(b) Something without which your project is doomed.

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A Definition of Terms

Posted by Peter on Dec 31 2007 | Definitions

During regular searching around the internet, I’ve noticed some confusion over the exact definition of many terms that we use when communicating with people - particularly when senior management or corporations get involved.

So in an attempt to ’set the record straight’ and be ‘proactive’ I present here some definitions and explanation of some of the more frequently used (and abused) management terms and buzzwords for your enlightenment, comment and enjoyment, starting with ‘A’:

‘Acronym’

(a) A phrase formed with the initial letters of other words, used as an abbreviation.

(b) Indecipherable terms to those not ‘in the know’, causing the reader to have feelings of alienation and stupidity.

Here’s an example from a Case Study in Stakeholder Management. Really:

“Although the TEMP and the ILSP could be taken to the IPR in draft format, it was necessary that the ROC… be approved”.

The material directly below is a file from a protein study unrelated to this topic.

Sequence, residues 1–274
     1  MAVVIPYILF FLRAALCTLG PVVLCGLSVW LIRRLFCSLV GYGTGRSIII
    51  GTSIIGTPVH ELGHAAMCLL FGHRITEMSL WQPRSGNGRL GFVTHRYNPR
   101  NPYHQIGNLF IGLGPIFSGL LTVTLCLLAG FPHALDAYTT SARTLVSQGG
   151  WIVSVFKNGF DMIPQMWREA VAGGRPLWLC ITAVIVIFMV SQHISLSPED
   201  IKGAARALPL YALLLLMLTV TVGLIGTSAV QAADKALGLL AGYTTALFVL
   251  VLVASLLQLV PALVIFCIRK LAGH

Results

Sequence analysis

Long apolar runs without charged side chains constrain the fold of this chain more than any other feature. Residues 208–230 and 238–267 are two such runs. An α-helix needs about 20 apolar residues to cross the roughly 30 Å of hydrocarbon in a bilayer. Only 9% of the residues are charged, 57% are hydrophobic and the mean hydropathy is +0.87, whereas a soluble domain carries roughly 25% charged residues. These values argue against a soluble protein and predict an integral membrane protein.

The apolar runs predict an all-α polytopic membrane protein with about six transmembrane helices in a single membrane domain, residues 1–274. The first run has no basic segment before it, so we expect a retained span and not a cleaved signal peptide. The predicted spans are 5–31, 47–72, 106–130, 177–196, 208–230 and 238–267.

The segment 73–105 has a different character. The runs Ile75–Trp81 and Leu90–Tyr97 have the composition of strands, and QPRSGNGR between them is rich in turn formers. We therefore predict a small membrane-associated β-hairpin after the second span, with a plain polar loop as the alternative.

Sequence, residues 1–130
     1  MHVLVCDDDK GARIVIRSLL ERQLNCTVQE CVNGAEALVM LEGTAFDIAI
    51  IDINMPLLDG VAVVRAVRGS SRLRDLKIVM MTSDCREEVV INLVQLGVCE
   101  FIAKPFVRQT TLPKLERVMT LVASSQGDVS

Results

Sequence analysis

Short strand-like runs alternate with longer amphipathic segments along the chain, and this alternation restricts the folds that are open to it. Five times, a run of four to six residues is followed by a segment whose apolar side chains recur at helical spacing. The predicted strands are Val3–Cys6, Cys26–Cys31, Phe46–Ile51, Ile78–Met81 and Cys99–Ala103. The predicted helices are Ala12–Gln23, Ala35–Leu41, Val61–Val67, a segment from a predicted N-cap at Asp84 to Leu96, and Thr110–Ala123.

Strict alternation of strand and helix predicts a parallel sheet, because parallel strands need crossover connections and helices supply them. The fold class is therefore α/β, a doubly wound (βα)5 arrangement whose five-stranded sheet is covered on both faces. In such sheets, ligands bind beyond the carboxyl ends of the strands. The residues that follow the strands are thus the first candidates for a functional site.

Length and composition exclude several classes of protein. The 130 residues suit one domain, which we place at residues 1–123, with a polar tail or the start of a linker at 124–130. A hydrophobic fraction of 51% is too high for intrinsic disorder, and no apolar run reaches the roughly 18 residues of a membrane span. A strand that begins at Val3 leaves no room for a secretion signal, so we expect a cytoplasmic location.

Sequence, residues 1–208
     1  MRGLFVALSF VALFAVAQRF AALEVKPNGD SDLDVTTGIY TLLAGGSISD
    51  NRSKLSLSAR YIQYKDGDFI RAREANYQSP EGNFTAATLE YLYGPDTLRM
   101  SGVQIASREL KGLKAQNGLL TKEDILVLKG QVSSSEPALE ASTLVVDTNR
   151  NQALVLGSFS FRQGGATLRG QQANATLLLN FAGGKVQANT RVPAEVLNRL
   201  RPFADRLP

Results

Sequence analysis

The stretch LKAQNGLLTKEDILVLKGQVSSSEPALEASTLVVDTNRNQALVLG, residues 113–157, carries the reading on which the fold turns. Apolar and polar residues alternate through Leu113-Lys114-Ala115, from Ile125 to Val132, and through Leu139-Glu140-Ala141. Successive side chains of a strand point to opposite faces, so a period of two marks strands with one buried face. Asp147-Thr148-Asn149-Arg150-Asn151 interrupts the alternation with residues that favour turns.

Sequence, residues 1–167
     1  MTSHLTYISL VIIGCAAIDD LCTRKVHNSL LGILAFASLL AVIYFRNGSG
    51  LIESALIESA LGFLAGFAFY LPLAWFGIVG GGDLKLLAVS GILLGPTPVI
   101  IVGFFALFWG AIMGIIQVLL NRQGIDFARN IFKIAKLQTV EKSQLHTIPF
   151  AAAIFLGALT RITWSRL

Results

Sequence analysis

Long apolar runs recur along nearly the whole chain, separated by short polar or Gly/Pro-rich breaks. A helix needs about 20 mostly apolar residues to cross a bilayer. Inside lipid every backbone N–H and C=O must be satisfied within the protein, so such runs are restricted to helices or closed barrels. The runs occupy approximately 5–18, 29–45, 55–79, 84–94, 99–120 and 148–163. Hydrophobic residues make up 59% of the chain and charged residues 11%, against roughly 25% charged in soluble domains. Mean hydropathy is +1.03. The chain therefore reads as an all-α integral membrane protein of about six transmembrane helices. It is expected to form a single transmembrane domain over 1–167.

Are we all clear on that?

‘Action Items’

(a) Items on a meeting agenda that need to be done by somebody.

(b) Issues that nobody wanted to take responsibility for from the last meeting, and will therefore be postponed until the next meeting.

‘ASAP’

(a) As Soon As Possible.

(b) Stop everything else that you’re doing and deal with this right now; even though I know that there will be some delays. This allows me to blame you for not getting the task done ‘ASAP’. And even if you actually manage to do the task really quickly, I’ll still be unhappy as I needed it sooner.

‘At the end of the day’

No, not 5.30pm.

(a) The final analysis.

(b) A nice sounding management phrase typically uttered as a conclusion to a nonsensical corporate policy or decision (”… at the end of the day we’ll all be better off, as the bottom line will improve”).

‘Avoidance’

(a) A risk-management strategy.

(b) A survival strategy when the boss is looking for someone to give an Action-Item to. Typically involves mingling in large groups, using emergency exits, or even running away.